Trade Mark Registrations – Factsheet
A trade mark registration protects your brand from unauthorised use and guarantees your freedom to continue using your trade mark. Most countries have a recognised trade mark registration system and we are experienced in obtaining registrations worldwide.
What is a trade mark?
A trade mark is a sign which, when used in the course of trade in the provision of goods or services, can serve to distinguish one trader’s goods or services from those of other traders. Commonly, a trade mark is a word, a picture (logo), or a combination of the two, but other ‘signs’ such as the shape of a product or its container, sounds, or even smells may be registered as trade marks.
Rights given by registration
Registration of a trade mark gives exclusive rights to the proprietor to use the trade mark in relation to the goods or services for which it is registered. It also gives the right to take legal action against competitors who might, inadvertently or otherwise, infringe the proprietor’s registered trade mark rights by using the same or a similar trade mark on goods or services identical or similar to the goods or services covered by the registration.
Also, the owner of a trade mark registration comprising a mark having a ‘reputation’ in the UK, for example, can sue for trade mark infringement even if the goods or services on which the infringer is using the offending mark are not similar to those covered by the registration.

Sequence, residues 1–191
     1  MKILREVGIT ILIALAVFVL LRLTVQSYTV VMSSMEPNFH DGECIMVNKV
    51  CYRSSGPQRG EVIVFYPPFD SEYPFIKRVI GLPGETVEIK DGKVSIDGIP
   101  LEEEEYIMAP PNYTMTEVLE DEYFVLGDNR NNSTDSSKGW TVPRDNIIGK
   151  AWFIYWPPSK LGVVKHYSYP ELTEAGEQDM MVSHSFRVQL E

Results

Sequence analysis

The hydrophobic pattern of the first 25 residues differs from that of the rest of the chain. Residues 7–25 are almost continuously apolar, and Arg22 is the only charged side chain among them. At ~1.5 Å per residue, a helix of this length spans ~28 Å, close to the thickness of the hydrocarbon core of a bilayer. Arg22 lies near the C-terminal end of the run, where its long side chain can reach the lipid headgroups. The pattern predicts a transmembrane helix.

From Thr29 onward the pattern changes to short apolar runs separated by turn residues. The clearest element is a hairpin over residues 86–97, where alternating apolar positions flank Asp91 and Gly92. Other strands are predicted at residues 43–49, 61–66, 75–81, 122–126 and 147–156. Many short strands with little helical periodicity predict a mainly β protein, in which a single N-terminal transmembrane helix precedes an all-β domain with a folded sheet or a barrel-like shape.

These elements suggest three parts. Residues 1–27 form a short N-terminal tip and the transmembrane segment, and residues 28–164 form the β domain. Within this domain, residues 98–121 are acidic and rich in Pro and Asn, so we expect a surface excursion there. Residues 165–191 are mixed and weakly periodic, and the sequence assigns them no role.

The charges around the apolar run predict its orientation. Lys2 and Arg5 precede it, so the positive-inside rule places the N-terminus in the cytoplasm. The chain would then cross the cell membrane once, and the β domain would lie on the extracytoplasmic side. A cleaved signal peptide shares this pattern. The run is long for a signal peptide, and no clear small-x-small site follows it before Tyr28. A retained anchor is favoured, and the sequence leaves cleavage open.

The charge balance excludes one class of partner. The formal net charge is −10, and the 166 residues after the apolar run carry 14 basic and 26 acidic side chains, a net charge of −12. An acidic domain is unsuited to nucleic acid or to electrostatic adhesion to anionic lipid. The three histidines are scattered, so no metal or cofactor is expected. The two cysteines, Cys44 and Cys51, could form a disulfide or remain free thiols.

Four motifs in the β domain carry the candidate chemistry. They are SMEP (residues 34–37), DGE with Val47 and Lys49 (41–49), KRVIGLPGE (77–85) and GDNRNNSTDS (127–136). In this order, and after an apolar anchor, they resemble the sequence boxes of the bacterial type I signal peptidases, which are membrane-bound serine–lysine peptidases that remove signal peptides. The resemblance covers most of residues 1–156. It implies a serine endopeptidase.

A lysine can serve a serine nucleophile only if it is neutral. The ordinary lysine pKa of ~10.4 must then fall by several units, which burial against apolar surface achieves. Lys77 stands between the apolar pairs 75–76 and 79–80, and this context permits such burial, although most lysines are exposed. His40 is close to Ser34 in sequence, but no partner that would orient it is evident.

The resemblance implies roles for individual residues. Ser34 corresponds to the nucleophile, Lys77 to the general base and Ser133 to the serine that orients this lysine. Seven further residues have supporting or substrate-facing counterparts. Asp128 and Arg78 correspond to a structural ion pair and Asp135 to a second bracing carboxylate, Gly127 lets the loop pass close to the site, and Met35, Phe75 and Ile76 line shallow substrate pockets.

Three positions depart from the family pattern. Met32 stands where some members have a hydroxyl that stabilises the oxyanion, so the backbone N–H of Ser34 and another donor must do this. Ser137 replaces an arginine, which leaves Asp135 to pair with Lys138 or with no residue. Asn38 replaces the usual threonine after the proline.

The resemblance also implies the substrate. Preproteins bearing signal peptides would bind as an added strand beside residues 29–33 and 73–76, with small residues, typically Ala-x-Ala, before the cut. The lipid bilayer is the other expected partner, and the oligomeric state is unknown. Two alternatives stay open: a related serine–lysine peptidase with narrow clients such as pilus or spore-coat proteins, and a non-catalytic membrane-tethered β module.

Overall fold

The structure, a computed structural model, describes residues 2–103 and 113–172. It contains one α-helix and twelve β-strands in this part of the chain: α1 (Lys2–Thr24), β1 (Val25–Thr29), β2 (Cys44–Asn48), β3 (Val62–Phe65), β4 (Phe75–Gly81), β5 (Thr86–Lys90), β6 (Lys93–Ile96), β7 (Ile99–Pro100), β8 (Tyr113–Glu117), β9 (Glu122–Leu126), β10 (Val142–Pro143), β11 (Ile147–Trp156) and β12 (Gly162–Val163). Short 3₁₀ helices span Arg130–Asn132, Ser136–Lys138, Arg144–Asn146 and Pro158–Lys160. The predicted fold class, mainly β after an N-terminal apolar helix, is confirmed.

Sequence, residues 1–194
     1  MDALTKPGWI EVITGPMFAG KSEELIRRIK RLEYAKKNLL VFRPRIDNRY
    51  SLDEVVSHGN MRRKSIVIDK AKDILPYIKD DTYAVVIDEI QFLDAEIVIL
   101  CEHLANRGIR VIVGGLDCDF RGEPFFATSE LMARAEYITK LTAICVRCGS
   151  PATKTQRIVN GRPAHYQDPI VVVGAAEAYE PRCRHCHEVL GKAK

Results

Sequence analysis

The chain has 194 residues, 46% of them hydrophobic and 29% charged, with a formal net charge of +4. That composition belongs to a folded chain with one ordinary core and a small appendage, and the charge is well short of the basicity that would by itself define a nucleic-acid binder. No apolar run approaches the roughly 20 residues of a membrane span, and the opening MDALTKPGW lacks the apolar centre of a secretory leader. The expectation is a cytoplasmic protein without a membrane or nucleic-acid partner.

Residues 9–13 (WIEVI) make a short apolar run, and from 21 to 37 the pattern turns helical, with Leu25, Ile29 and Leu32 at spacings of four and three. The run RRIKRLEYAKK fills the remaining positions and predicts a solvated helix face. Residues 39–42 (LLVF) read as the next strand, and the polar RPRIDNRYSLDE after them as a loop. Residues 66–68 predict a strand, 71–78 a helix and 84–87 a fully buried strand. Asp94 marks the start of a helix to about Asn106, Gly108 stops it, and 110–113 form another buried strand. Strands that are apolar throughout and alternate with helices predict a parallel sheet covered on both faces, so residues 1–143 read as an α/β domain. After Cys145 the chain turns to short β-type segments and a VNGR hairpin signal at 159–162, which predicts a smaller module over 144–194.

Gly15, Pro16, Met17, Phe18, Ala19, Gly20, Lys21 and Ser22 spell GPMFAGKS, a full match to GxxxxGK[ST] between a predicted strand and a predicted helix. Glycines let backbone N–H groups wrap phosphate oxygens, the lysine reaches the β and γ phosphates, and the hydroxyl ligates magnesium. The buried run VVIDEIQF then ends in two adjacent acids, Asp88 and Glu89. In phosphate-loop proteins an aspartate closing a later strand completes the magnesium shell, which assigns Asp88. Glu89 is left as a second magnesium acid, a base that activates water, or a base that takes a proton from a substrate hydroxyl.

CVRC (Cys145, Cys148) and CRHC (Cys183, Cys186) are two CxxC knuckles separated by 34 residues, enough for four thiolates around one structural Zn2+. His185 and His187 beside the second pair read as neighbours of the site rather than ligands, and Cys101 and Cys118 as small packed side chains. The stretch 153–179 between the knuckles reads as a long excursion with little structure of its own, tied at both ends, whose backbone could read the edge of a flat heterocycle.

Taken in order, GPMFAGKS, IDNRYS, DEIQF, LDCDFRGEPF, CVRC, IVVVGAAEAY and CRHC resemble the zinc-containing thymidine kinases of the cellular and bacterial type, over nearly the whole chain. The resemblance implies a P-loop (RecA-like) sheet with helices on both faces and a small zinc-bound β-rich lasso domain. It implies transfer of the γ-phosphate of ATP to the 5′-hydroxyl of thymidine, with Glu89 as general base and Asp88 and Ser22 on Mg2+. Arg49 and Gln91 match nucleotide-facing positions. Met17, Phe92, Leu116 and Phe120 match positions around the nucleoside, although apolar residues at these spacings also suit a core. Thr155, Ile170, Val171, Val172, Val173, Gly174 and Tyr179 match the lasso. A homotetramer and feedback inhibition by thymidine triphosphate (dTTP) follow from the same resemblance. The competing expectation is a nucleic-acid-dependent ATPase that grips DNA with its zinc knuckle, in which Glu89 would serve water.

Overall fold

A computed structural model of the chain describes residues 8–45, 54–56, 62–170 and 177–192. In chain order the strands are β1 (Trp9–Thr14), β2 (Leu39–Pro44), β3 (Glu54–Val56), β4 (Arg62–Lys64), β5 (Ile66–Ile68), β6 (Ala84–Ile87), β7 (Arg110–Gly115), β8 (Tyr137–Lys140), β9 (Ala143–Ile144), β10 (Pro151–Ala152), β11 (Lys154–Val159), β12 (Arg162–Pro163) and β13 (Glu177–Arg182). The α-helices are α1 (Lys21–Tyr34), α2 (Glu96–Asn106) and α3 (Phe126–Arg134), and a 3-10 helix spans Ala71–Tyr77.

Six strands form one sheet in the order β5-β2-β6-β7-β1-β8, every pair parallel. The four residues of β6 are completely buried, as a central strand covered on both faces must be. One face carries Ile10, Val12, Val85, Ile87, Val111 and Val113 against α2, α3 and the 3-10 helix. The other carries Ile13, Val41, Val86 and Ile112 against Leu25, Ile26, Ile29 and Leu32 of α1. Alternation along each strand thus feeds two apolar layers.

Choosing a new trade mark
When thinking of a new trade mark to use, the aim should be to find a mark which is both protectable, i.e. capable of registration, and not used or registered by others. To be registrable, a trade mark should ideally be:
- not already registered by a third party
- not directly descriptive of the goods or services
- not a surname or a geographical name
- not laudatory
- not deceptive
We can assist you in this process by searching the trade mark databases and providing advice. A search through an index of UK limited company names can also be arranged, to establish whether or not there is a company with the same name as your mark in the UK.
What is involved in applying for a trade mark registration?
The procedure in the UK, EU and most other jurisdictions falls into four distinct stages: filing; examination, publication, and registration.
1) Filing – an application is filed at the Trade Marks Registry, specifying the goods or services for which registration is sought and indicating the classes into which the various goods or services fall.
2) Examination – once filed, the application is examined by the Registry, in order to ascertain whether the trade mark is acceptable for registration. The Registry will not refuse registration on the basis of a potential conflict with an earlier trade mark, but will notify the owner of any earlier application or registration of your application. In most cases the official examination results are issued by the Registry within one to two months from filing the application. This is a variable matter which depends upon the Examiner’s report. It may sometimes be necessary to attend a Hearing at the UK Trade Marks Registry in order to discuss the application with a Senior Examiner, particularly in a border-line case.
3) Publication – once the examination has been successfully completed, the application is published in a Trade Marks Journal. The trade mark application is then open to public inspection and possible opposition for a period of up to three months from the date of publication. If an opposition is raised by a third party against the application, then the matter has to be considered and appropriate action taken.
It may be possible to deal with the opposition in a relatively simple exchange of correspondence. Again, this area is difficult to define precisely, as much depends upon the individual case. We can advise further at the time if it should arise.